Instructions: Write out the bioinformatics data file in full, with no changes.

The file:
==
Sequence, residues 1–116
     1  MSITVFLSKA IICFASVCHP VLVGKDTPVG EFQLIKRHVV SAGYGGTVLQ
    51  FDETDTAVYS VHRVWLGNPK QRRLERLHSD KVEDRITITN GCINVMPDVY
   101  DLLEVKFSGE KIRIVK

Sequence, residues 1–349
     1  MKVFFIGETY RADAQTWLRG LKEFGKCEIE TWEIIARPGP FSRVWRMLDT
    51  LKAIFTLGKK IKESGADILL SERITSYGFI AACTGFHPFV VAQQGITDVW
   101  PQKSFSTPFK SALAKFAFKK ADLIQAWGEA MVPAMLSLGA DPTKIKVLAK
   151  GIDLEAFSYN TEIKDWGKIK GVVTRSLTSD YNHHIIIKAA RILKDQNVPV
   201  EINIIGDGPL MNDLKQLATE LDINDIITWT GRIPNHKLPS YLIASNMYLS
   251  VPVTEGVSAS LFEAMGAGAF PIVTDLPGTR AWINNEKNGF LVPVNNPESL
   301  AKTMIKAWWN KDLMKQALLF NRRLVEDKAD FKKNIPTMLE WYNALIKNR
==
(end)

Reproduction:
Sequence, residues 1–116
     1  MSITVFLSKA IICFASVCHP VLVGKDTPVG EFQLIKRHVV SAGYGGTVLQ
    51  FDETDTAVYS VHRVWLGNPK QRRLERLHSD KVEDRITITN GCINVMPDVY
   101  DLLEVKFSGE KIRIVK

Sequence, residues 1–349
     1  MKVFFIGETY RADAQTWLRG LKEFGKCEIE TWEIIARPGP FSRVWRMLDT
    51  LKAIFTLGKK IKESGADILL SERITSYGFI AACTGFHPFV VAQQGITDVW
   101  PQKSFSTPFK SALAKFAFKK ADLIQAWGEA MVPAMLSLGA DPTKIKVLAK
   151  GIDLEAFSYN TEIKDWGKIK GVVTRSLTSD YNHHIIIKAA RILKDQNVPV
   201  EINIIGDGPL MNDLKQLATE LDINDIITWT GRIPNHKLPS YLIASNMYLS
   251  VPVTEGVSAS LFEAMGAGAF PIVTDLPGTR AWINNEKNGF LVPVNNPESL
   301  AKTMIKAWWN KDLMKQALLF NRRLVEDKAD FKKNIPTMLE WYNALIKNR